Californian Flip-Flopping: Romanski Examines the Rekindling of a Past Connection
In producer Adele Romanski’s directorial debut, Erin and Cal (Megan Boone and David Nordstrom) rekindle their past connection in Sequoia National Park amidst a vast, breathtaking backdrop. Despite their best efforts, the couple cannot help resorting to old habits, in the throws of bitter resentment, anguish and disappointment. Trying to stay on an even footing Megan pleads, “It’s not a race,” to which Cal replies, “Then why am I winning.” Leave Me Like You Found Me is a straightforward look at the impossibility of starting over, and the equal impossibility of resisting the temptation to try. Romanski succeeds in showing a world of flawed intimacy, the real bare bones of an adult relationship.
There are as many reasons to get back into a relationship as there reasons to break-up, give or take. After the split, as time passes, we meet new people, some interesting, most not. Looking around, we remember certain things our exes did in certain ways, and in retrospect, remember how perfect it all was. Of course, this leaves out all the reasons why we broke up in the first place. At the outset, you can see why Erin and Cal got together, and why they thought they would be able to do it again. They have an easiness, a shorthand, where they understand each other and accept the other for who whey are. There’s a comfort in familiarity. But, like a family vacation that gets stale in hour two, soon things creep to the surface. Sitting in the forest, with nothing but their imaginations to pick away at them, Erin can’t help but ask the nagging question: who Cal has been with since they’ve been together. From there, it quickly devolves into petty antics, exploiting each-others’ weaknesses, in the hope of making themselves feel a little bit better. “Let’s start over again,” they each say once to the other—this ends up being something easily said, but impossible to enact.
Romanski shot the film with a skeleton crew on what became essentially a covert operation in a national park. Shooting without permits, the crew was forced to run and hide when park officials came asking questions; this was aided by shooting with DLSRs that they were able to pass off as still cameras. Though this lent the production a lived-in, unobtrusive, documentary feeling, it conversely gives the film a lo-fi aesthetic that at time complements, and at time feels overly sparse.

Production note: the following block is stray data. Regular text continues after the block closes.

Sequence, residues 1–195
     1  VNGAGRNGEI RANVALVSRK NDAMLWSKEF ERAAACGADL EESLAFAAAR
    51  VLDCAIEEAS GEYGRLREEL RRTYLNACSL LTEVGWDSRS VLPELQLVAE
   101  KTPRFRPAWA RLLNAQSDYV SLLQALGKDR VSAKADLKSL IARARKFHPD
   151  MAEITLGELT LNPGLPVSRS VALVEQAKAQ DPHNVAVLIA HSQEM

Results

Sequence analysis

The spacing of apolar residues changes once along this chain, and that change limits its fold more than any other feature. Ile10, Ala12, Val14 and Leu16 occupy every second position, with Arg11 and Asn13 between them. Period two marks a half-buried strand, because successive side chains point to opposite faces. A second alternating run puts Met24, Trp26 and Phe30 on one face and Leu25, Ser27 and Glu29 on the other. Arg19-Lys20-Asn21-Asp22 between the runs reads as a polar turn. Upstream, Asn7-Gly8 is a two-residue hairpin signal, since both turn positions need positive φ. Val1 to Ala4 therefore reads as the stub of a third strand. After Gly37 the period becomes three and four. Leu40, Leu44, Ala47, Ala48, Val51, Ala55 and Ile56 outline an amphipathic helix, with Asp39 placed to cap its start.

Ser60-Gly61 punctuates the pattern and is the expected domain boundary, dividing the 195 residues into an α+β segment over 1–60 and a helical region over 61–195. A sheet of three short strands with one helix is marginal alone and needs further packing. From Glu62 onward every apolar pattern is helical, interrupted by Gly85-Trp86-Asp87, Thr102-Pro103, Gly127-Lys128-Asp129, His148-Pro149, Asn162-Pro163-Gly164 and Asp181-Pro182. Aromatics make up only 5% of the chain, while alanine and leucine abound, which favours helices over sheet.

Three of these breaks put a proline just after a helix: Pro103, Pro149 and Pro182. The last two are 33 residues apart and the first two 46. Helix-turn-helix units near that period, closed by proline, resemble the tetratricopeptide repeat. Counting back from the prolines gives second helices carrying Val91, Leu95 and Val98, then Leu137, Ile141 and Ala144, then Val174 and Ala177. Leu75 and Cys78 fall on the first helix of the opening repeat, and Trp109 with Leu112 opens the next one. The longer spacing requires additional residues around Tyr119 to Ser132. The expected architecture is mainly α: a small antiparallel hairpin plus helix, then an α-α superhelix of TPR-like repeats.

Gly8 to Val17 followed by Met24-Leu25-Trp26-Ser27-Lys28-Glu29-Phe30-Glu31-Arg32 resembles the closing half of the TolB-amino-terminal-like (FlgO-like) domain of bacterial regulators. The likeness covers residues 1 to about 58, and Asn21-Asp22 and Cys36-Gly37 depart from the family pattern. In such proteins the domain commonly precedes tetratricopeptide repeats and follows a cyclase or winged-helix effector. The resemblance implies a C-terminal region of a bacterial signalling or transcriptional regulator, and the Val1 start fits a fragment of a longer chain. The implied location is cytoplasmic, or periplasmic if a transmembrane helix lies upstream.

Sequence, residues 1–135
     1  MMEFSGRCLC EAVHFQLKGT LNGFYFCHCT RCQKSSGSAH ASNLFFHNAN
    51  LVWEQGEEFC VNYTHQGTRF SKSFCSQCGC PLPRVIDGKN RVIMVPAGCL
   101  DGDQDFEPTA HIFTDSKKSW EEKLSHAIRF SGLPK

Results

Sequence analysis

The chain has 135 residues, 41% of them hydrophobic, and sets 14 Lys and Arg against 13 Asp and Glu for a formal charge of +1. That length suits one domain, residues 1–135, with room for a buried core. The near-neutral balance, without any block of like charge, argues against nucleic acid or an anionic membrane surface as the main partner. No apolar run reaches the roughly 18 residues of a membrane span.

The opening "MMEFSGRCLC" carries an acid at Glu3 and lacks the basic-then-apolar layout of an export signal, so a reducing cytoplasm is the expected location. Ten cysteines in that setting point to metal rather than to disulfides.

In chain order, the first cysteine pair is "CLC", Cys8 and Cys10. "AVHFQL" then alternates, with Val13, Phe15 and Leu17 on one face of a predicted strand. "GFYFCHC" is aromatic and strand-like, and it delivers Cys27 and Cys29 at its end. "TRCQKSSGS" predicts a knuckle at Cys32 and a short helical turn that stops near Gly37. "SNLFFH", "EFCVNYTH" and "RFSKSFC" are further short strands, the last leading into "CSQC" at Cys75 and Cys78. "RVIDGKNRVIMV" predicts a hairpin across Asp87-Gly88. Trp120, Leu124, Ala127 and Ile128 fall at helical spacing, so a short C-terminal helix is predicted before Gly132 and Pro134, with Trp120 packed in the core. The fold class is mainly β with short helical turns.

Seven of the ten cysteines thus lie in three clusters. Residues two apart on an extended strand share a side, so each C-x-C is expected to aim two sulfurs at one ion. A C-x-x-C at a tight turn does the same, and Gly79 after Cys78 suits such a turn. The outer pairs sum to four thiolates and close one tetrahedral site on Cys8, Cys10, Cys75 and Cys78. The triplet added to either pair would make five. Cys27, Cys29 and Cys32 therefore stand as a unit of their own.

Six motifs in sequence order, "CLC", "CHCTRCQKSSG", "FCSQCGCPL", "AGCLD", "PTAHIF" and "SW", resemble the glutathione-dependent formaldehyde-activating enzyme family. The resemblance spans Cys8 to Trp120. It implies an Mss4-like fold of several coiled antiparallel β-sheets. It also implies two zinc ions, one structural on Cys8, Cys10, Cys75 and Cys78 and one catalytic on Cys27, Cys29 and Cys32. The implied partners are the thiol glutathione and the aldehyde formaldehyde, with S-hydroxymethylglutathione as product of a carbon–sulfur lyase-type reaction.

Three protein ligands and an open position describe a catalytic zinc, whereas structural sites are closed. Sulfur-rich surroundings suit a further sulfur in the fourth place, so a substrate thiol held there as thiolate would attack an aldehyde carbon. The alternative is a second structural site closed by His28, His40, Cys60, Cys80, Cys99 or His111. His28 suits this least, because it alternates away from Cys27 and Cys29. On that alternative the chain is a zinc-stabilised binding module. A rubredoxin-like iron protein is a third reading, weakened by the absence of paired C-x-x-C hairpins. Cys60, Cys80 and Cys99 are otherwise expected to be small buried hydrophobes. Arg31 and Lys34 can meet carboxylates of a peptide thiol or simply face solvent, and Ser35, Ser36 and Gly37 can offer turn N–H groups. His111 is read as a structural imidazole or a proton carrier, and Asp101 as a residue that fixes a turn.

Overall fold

One instance where Romanski uses their lack of means to great effect appears late in the film. After a lengthy day, Cal and Erin walk back to their car but soon realize they do not know the way. As night falls, they both begin to panic and begin to take their fear turned aggression against each other. Still not near the car, it’s pitch black and their only illumination is their headlamps. In a dark forest, they insult each other, cutting to the quick, harping on each-others’ biggest weaknesses and darkest secrets. When, finally, they turn and face each other, they see only each-others’ faces, everything else is darkness. They eventually find their car, but those things have already been said, the damage done.
Erin and Cal never walk side by side, and they rarely have the same conversation at the same time. “I want to be the one who stops caring,” Erin says to Cal, defensively, but honestly, fearing the worst. But until one of them leaves, again, they still have each other.
Reviewed at the 2012 SXSW Film Festival – Emerging Visions